When you meet Jeff Goldblum in person, the very first thing, the VERY first thing you notice is just how JEFF GOLDBLUM he is. The tone, the cadence, the smile, the twinkle in his eye, the volcanically-loud-yet-still-definitely-pulling-it-off shirt. It’s all there.
“Jeff BE-errr, Jeff BE-errrr, yes yes yes, hello, very nice to meet YOU, hello.”
Goldblum is at the Cannes Creativity festival to appear in a session called “The Future of Entertainment” with Stéphane Xiberras, chief creative officer and president of BETC Paris. When someone coined the phrase “Never meet your heroes,” they were not talking about Goldblum. Which is why fashion site The Cut obsessively covers his Instagram feed or when his wife tests out a jet-lag face mask and posts it online.
Brands know this, too. Just last month, Apartments.com rolled out a new campaign starring Goldblum, directed by Thor: Ragnarok director Taika Waititi.
He’s done commercials here and there throughout his career. In 2014, he starred in what is indisputably the greatest lightbulb ad ever made—or ever to be made—directed by Tim & Eric for GE.
When it comes to picking projects, Goldblum says he treats it the same as any acting project.
“Through my stomach and my heart,” he says, sitting in the Havas Media Cafe, ad company Havas Worldwide’s encampment along Cannes’ Croissette. “Just like a product, just like a movie, if I’m eager to feel passionate about the overall theme and message. I don’t want to promote or do a commercial for something I don’t agree with.
“The other part is the creative, which is all subjective. The Apartments.com, I like those clients, I like what they’re doing, and I think it’s of service. But it was Taika Waititi who directed the last ads, who directed Thor: Ragnorok, with whom I may work again. I suggested getting him, and we obviously had a rapport, and the work is a product of that relationship. It’s the same with movies.”
His next film is The Mountain, directed by Rick Alverson, which premieres in France next week and in America next month. He plays a lobotomist in 1954.
“It’s all acting to me. Can we do something fun? Is it funny to me? Is it interesting to me? Is it substantive to me? It’s all subjective,” says Goldblum.
One of his most memorable commercial experiences was the time Steve Jobs reached out to ask if he’d star in a new campaign for the iMac.
“Steve Jobs called me at home. He was trying to do this cycle of commercials for the iMac. They had Chiat Day, and who was the guy that came to my house and said, ‘Here’s what I think we should do’?”
“Yeah. And I said, Here’s what I think we could do better, or here’s my sweet spot—if you put a 30- or 60-second clock up there, tell me just before I go what the idea is, and then I’ll improvise.”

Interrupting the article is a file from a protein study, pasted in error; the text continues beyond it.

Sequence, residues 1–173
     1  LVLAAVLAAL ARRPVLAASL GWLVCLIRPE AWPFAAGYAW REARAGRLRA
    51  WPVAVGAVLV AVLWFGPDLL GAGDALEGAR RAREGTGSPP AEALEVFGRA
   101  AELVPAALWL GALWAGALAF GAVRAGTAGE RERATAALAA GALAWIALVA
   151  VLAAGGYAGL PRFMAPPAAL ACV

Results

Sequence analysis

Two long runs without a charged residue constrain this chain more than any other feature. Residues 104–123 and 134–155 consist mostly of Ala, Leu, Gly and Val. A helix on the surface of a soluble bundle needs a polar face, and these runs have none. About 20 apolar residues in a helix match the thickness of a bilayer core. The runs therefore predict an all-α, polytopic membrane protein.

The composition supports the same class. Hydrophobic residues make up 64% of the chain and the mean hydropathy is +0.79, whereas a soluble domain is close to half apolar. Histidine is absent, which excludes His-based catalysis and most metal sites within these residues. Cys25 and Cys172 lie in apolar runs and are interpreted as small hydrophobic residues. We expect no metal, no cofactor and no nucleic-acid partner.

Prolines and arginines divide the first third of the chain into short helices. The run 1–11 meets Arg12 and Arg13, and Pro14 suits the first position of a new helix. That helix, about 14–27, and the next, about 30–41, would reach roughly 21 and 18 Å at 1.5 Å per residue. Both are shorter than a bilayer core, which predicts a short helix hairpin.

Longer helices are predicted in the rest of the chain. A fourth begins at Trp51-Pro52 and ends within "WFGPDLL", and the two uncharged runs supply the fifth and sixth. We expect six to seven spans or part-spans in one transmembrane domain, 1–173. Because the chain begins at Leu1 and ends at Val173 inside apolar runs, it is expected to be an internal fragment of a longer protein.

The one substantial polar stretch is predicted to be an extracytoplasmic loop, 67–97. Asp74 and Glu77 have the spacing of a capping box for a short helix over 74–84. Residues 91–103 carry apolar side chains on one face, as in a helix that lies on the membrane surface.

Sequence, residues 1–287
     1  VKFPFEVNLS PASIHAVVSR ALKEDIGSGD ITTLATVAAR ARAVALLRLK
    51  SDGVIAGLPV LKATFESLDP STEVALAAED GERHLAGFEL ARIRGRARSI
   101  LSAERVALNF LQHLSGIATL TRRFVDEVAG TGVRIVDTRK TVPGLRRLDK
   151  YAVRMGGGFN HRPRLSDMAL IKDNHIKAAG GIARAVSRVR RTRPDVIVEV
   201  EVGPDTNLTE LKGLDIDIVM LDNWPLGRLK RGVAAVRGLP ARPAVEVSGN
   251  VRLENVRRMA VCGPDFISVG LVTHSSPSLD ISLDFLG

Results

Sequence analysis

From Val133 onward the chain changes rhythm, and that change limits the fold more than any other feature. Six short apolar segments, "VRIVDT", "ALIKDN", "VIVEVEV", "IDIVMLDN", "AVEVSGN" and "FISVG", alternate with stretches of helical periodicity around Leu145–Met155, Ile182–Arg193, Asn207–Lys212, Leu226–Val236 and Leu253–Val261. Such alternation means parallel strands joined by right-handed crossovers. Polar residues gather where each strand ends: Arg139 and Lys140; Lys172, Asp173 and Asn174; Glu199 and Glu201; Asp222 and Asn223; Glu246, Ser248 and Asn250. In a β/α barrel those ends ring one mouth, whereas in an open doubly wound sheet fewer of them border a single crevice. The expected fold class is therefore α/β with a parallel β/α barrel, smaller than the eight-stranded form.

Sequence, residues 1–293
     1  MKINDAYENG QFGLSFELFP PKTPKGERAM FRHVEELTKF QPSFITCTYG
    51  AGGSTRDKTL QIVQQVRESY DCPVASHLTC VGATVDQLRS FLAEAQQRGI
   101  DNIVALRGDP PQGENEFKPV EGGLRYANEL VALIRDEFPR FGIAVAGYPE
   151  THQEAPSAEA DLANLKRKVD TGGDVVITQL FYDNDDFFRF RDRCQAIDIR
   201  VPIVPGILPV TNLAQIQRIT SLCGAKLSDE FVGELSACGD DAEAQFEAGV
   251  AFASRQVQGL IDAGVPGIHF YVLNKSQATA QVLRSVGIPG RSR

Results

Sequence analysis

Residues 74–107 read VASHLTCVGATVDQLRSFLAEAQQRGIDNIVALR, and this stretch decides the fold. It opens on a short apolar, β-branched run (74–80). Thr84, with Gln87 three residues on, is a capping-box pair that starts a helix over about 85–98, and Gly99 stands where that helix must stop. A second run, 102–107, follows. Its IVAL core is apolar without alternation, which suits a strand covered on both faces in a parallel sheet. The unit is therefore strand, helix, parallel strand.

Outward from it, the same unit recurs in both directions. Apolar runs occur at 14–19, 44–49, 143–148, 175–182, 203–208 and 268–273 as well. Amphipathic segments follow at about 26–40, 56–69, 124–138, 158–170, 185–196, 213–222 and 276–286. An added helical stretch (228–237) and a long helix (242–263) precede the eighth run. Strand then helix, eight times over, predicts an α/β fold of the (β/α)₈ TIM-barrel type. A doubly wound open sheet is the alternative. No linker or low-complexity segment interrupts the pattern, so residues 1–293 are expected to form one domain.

Goldblum’s Instagram account is the Goldblummiest. The loudest of shirts, and a ton of Jeff Goldblum fan art. But he says he was neither quick nor eager to join social media. He first noticed it was a thing while filming 2016’s Independence Day: Resurgence, and director Roland Emmerich had a guy on set shooting photos and short videos for social.
“Eventually we started trying things here and there,” says Goldblum. “Then I got this stylist, who’s responsible for dressing me up. We do it together. He works for GQ. He’ll take a picture, we’ll pick one, talk about a caption, and that’s what we’ve done. Since then, followers have come. I like to take pictures, get dressed, and gussied up.”
The perfect ad according to Jeff Goldblum is one that may or may not have anything to do with the product, but everything to do with capturing and holding his attention.
“I’m struck by things that have to do with my taste. I saw an ad where it’s oblique, obtuse, it’s tangential, you’re not only not saying, ‘Here, buy this,’ but you’re left asking, ‘What was that about?’ It had nothing to do with the product,” he says. “Look, I know nothing about it, but I would say you’re making little movies. For my eyes, I’d say, hey, that’s a movie I’m struck by and then find out who made it or what they were advertising. That’s about it. I really don’t want to get sold to. I’m sales averse.”
The culture of the hard sell is not one that agrees with Goldblum. He uses a scene from the Coen Brothers’ Netflix film The Ballad of Buster Scruggs. In it, Liam Neeson plays a traveling show producer, and he has to pick between a brilliant actor reading poems and Shakespearean monologues, or a live chicken dancing on a hot stove. The latter gathers the crowd.
“I won’t ruin the end, but that’s about going where the eyeballs are, but the question is, what are you losing in the process? What have you lost at the expense of the sales credo, the most eyeballs and attention-whoring credo?”
The halls of Cannes Lions may not be the best place to answer that question.
But at least Goldblum is here asking it.